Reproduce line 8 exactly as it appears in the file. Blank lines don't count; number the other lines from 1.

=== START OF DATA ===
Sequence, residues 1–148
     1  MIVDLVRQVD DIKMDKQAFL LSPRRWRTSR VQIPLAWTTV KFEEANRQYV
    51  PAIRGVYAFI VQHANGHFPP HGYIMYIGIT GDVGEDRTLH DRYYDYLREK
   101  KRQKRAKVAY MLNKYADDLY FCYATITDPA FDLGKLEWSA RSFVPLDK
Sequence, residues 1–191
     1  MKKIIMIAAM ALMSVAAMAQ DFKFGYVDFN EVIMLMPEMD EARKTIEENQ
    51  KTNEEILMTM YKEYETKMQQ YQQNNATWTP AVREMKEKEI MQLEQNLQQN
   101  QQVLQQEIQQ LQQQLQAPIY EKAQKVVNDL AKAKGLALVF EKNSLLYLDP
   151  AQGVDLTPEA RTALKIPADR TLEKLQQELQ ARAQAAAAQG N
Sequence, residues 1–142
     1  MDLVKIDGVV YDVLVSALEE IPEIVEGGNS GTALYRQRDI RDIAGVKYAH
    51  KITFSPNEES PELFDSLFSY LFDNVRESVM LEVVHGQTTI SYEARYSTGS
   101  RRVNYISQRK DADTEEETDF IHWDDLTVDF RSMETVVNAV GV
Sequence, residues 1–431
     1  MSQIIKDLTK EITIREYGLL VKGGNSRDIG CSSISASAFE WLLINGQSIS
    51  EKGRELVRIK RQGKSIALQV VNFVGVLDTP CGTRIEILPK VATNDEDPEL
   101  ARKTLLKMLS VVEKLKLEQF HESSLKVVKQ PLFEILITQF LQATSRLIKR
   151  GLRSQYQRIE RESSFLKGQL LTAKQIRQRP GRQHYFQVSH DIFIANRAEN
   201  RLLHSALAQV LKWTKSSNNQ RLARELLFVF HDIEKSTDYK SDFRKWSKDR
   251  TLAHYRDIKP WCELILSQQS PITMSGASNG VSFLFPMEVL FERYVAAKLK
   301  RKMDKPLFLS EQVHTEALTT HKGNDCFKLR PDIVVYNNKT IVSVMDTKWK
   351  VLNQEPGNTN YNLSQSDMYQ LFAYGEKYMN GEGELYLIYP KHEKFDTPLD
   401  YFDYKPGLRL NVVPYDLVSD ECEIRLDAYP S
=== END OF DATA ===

   101  QQVLQQEIQQ LQQQLQAPIY EKAQKVVNDL AKAKGLALVF EKNSLLYLDP